So I go to pick up Maisy from school. Tales about this child often have me praying for the ground to open up and swallow me and this is no exception. It was a last minute dash and I’d only had time to grab a light mac. No brolly, no hat, no scarf, no gloves but I have remembered my PACEY Childminder lanyard. I’ll only be out for 5 minutes. I’ll survive. Only Maisy’s class is last out. And the light drizzle has turned to sleet and I’m stamping my feet and rubbing my hands trying my best to keep warm. I see Maisy and wave, Maisy sees me and reciprocates. I see her say something to her Teacher. I know she is telling her that she sees somebody is here for her only the Teacher does not let her go. I wait. I know there’s a problem when they come over to me. Maisy immediately reaches out for my hand and I take it.

Teacher: who are you please?

I’m Andrea Turner and I’m Maisy’s Childminder.

Teacher: she’s saying she doesn’t know who you are…

Hmm, well, I’ve been her Childminder for almost 3 years and this is far from the first time I’ve collected her although it is the first time I’ve met you.

Teacher: yes, her usual Teacher is off today. I’m not sure I can let her go with you. Can you wait here while I go to the office and make some calls?

I’m afraid I can’t because I have another child to pick up from another school and I don’t want to leave him waiting, especially in this horrible weather.  I can clear this up right now by calling her Mother for you if you’d like to speak with her?

Still Maisy says nothing, giving not one inkling that she knows me from Adam beside holding my hand. To the rubber-necking parents in the yard, I’m a potential child abductor.  I’m even wearing a mac (of all the days).

Teacher: no, I’d rather follow our procedure.

Righty-ho. You take Maisy to the office with you, make your calls and I will meet you back at the school office in 20 minutes.

Teacher: I really think you ought to come too.

And now I’m thinking the call she wants to make isn’t to Maisy’s Mother at all – it’s to the police. Honestly, could this get any worse?

game over

Another Teacher steps up. “You pick up her sister Molly from my nursery class don’t you?”

No, that’s my sister. We both work together. [We’re often mistaken for twins].

And immediately I wish I’d just said yes. The Teachers confer. Maisy is getting upset now. She’s pulling me down by my hand and whispering “Andi, can we go now?” The Teacher overhears and notices my PACEY Childminder lanyard. (Thank you PACEY, thank you PACEY, thank you PACEY).

Teachers burst into laughter: “Eeeee, kids say and do the funniest things don’t they? Honestly, they’d get you shot wouldn’t they?” Tee-hee-hee-hee-hee.

Yeah, wouldn’t they just? And off we go.


Why the heck I’d stand unsuitably dressed in sub-zero temperatures if I didn’t have to I can’t begin to imagine but believe me, there’s a million things I’d rather do. I ask Maisy why she didn’t tell the Teachers who I was and she said “I just didn’t know what to call you. I’ve never been asked that question before” and I get it. To her, I’m just “Andi” and she’s been coming to my home and being part of my family since she was very small. It’s like when an adult asks a child what his Dad is called and he says “Dad”. And while I’m overcoming the embarrassment of it all Maisy’s already swiftly moved on: “we have 3 Polish children in our class!”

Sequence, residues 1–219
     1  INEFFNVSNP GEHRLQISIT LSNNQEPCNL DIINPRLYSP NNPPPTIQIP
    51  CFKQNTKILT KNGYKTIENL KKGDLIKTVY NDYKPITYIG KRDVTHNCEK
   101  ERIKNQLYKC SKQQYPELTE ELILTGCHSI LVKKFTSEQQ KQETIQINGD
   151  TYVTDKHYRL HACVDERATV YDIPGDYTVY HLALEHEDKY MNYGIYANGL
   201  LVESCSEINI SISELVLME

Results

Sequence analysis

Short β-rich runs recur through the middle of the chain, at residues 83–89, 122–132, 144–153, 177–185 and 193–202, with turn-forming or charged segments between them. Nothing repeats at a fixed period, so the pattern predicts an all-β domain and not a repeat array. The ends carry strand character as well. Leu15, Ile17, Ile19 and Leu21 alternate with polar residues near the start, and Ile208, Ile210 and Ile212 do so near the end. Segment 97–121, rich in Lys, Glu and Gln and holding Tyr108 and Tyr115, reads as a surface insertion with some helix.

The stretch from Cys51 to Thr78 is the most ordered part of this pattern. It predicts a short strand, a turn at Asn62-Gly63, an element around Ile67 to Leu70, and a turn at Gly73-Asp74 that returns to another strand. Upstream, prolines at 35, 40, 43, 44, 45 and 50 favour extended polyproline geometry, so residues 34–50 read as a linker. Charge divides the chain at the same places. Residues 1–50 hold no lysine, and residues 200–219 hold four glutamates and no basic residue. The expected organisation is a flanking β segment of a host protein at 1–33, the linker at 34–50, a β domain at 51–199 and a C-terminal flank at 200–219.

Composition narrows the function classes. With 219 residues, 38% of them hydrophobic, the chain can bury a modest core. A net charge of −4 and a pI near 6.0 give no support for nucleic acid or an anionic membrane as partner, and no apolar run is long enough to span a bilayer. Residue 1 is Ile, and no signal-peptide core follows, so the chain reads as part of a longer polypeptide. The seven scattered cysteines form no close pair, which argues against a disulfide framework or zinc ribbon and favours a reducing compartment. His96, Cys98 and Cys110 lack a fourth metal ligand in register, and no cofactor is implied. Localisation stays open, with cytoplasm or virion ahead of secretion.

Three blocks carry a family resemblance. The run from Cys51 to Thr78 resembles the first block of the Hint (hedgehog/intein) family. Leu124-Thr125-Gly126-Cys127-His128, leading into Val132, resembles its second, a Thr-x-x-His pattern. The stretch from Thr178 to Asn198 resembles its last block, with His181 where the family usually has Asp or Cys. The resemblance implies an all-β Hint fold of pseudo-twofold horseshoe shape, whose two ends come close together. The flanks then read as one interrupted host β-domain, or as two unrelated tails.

This kinda gives me the impression that this is news: “Oooh so you’ll have been learning some Polish words today then to make them feel welcome?”

Maisy: erm no, they all speak English and they’ve been in my class for ages silly.

But how clever that they speak 2 languages and they’re only 5 years old. Wow! Wouldn’t they be super impressed if you could speak to them in Polish? You know, start with ‘hello’ and ‘goodbye’, ‘please’ and ‘thank you’ and then work up to ‘can I play with you?’ or ‘would you like to sit next to me?’

Silence. More silence. Finally: “I know! Let’s start by learning how to say that I had a poorly cough at the weekend and I had to sleep in my Mam’s bed but I’m okay now and my Dad’s got a new girlfriend but we haven’t met her yet but I’ve seen her photos on Facebook and she looks nice and Nicky’s got a new pug puppy from the dog pound called Simba and she wees all over the place but Poppy likes her and …..”


Clearly this kid has a very high opinion of me. (Only wish she’d made that obvious 5 minutes ago). She doesn’t realise that my Polish is purely restricted to the głowa, ramiona, kolana, pięty action rhyme and I’m probably not even very good at that. By the time I revisited Paris 6 years ago I’d been speaking French for over 30 years. I’d booked us all into our hotel in French, ordered in bistros and restaurants in French and bought pastries in patisseries in French. Only I came down with a very sore throat and happened upon a pharmacie. In French, I explained my symptoms. The blatantly unimpressed Pharmacist asks “Are you English?” and I reply “Oui” – still in French mode. “In that case, I’d go with Anadin. You like my English?” Trust me to find the only Parisian who wanted to practice his English. But I didn’t want to speak English in Paris and I certainly wanted something more exotic-sounding than flipping Anadin. Was my ‘J’ai mal à la gorge’ too school textbook? Should I have gone with the more sophisticated ‘gorge irritée’? Who was I kidding? I couldn’t betray my north-east Englishness whatever phrase I used.  Yeah, my Polish is definitely worse than my terrible French so sorry, Maisy dear, but we will be starting with cześć just as soon as you’ve learned that I am your Childminder and my name is Andrea Turner. Another day, another dodged bullet.